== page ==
FIG. 9 is a block diagram of a working example of the adaptive filer of FIG. 8 of the present invention in the form of an acoustic echo cancellation device;

FIG. 10 is a general block diagram of an acoustic echo cancellation device with MCLT-based adaptive filters in accordance with the present invention;

FIG. 11 is a wave signal illustrating sample results of the working example of FIG. 9;

FIG. 12 is a general block diagram of a noise reduction device with MCLT-based adaptive filters in accordance with the present invention.

FIG. 13 is a flow diagram illustrating operational computation of a noise reduction device incorporating the modulated complex lapped transform of the present invention; and

FIG. 14 is a wave signal illustrating sample results of the working example of FIGS. **12**-**13**.

In the following description of the invention, reference is made to the accompanying drawings, which form a part hereof, and in which is shown by way of illustration a specific example in which the invention may be practiced. It is to be understood that other embodiments may be utilized and structural changes may be made without departing from the scope of the present invention.

Introduction

The MCLT of the present invention can achieve short-time spectral decomposition of signals with explicit magnitude and phase information and perfect signal reconstruction. For instance, the MCLT of the present invention can use sine functions at defined frequencies and phases to generate an additional orthogonal decomposition. The defined frequencies and phases are preferably the same that the MLT basis functions use for cosine modulation of a particular window function with certain properties.

In addition, the MCLT of the present invention is easily integrated with MLT-based systems. Once the MCLT of a signal has been computed, its MLT can be trivially obtained simply by discarding the imaginary parts. The present invention can use both the cosine and sine modulating functions for producing a frame decomposition with desirable properties. Further, the cosine and sine modulations can be used to compute the real and imaginary parts of a transform that has all the magnitude/phase properties of the short-time Fourier transform, while allowing for perfect signal reconstruction. Consequently, the novel MCLT of the present invention can be used in applications such as high-fidelity audio coding, adaptive filtering, acoustic echo cancellation, noise reduction, or any other application where high-fidelity signal reconstruction is required.

Exemplary Operating Environment

FIG. **1** and the following discussion are intended to provide a brief, general description of a suitable computing environment in which the invention may be implemented. Although not required, the invention will be described in the general context of computer-executable instructions, such as program modules, being executed by a computer. Generally, program modules include routines, programs, objects, components, data structures, etc. that perform particular tasks or implement particular abstract data types. Moreover, those skilled in the art will appreciate that the invention may be practiced with a variety of computer system configurations, including personal computers, server computers, hand-held devices, multiprocessor systems, microprocessor-based or programmable consumer electronics, network PCs, minicomputers, mainframe computers, and the like. The invention may also be practiced in distributed computing environments where tasks are performed by remote processing devices that are linked through a communications network. In a distributed computing environment, program modules may be located on both local and remote computer storage media including memory storage devices.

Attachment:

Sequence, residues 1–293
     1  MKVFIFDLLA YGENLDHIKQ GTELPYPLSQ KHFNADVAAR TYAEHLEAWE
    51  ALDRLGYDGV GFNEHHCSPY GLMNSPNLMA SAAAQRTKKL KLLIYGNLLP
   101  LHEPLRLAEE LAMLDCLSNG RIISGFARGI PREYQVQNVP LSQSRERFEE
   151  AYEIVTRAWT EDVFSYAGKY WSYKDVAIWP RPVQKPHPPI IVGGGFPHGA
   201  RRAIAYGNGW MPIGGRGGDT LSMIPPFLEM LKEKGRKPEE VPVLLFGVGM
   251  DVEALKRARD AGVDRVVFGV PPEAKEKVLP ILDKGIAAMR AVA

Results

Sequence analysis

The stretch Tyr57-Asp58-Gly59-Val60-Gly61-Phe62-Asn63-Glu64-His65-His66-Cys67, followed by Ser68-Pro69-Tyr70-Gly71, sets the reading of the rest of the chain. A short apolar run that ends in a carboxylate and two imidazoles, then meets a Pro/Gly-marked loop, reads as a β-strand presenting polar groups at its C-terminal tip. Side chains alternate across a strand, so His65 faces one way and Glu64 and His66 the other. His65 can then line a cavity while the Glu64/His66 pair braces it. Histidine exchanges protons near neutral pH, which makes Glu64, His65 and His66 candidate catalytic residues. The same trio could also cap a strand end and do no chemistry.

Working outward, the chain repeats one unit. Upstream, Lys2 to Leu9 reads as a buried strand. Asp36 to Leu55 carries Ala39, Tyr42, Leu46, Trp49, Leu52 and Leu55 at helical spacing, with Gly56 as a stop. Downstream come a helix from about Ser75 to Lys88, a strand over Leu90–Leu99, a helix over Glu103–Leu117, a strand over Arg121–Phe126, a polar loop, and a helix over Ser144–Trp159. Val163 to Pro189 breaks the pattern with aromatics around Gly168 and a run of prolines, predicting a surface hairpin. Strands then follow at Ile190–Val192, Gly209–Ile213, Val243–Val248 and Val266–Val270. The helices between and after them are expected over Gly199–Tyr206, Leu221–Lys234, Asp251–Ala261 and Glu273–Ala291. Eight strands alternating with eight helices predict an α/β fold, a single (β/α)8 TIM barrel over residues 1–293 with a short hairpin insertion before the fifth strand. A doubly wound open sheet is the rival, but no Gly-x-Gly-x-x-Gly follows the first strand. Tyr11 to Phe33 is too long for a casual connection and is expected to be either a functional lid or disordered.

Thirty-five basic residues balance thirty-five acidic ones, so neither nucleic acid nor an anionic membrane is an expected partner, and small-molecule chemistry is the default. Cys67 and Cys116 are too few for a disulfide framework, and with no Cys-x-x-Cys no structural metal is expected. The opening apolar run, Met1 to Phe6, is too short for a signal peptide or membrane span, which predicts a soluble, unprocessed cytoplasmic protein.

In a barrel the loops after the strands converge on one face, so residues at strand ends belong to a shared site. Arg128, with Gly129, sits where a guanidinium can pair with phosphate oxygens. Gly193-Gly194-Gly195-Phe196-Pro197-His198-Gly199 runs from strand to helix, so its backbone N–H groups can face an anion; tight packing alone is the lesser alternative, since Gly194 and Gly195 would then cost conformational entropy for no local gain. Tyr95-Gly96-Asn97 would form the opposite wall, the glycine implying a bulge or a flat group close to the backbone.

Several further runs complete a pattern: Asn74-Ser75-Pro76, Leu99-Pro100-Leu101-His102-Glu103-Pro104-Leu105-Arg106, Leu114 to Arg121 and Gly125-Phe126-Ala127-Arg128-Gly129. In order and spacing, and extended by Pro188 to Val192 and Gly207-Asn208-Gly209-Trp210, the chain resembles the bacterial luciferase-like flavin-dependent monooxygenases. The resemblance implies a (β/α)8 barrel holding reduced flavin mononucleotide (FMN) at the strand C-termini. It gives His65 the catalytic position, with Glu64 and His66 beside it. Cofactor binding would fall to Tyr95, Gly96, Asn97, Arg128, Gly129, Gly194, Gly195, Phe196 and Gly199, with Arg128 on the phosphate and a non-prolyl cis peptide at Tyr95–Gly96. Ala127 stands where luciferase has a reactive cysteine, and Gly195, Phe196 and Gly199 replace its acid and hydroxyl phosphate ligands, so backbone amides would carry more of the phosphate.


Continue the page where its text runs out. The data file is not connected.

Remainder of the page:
With reference to FIG. 1, an exemplary system for implementing the invention includes a general purpose computing device in the form of a conventional computer **100**, including a processing unit **102**, a system memory **104**, and a system bus **106** that couples various system components including the system memory **104** to the processing unit **102**. The system bus **106** may be any of several types of bus structures including a memory bus or memory controller, a peripheral bus, and a local bus using any of a variety of bus architectures. The system memory includes computer storage media in the form of read only memory (ROM) **110** and random access memory (RAM) **112**. A basic input/output system **114** (BIOS), containing the basic routines that helps to transfer information between elements within computer **100**, such as during start-up, is stored in ROM **110**. The computer **100** may include a hard disk drive **116** for reading from and writing to a hard disk, not shown, a magnetic disk drive **118** for reading from or writing to a removable magnetic disk **120**, and an optical disk drive **122** for reading from or writing to a removable optical disk **124** such as a CD ROM or other optical media. The hard disk drive **116**, magnetic disk drive **128**, and optical disk drive **122** are connected to the system bus **106** by a hard disk drive interface **126**, a magnetic disk drive interface **128**, and an optical drive interface **130**, respectively. The drives and their associated computer-readable media provide storage of computer readable instructions, data structures, program modules and other data for the computer **100**. Although the exemplary environment described herein employs a hard disk, a removable magnetic disk **120** and a removable optical disk **130**, it should be appreciated by those skilled in the art that other types of computer readable media can store data that is accessible by a computer. Such computer readable media can be any available media that can be accessed by computer **100**. By way of example, and not limitation, such computer readable media may comprise communication media and computer storage media. Communication media typically embodies computer readable instructions, data structures, program modules or other data in a modulated data signal such as a carrier wave or other transport mechanism and includes any information delivery media. The term “modulated data signal” means a signal that has one or more of its characteristics set of changed in such a manner as to encode information in the signal. By way of example, and not limitation, communication media includes wired media such as wired network or direct wired connection, and wireless media such as acoustic, RF, infrared and other wireless media. By way of example, and not limitation, communication media includes wired media such as a wired network or direct wired connection, and wireless media such as acoustic, RF, infrared and other wireless media. Computer storage media includes any method or technology for the storage of information such as computer readable instructions, data structures, program modules or other data. By way of example, such storage media includes RAM, ROM, EPROM, flash memory or other memory technology, CD-ROM, digital video disks (DVD) or other optical disk storage, magnetic cassettes, magnetic tape, magnetic disk storage or other magnetic storage devices, or any other medium which can be used to store the desired information and which can be accessed by computer **100**. Combinations of any of the above should also be included within the scope of computer readable media.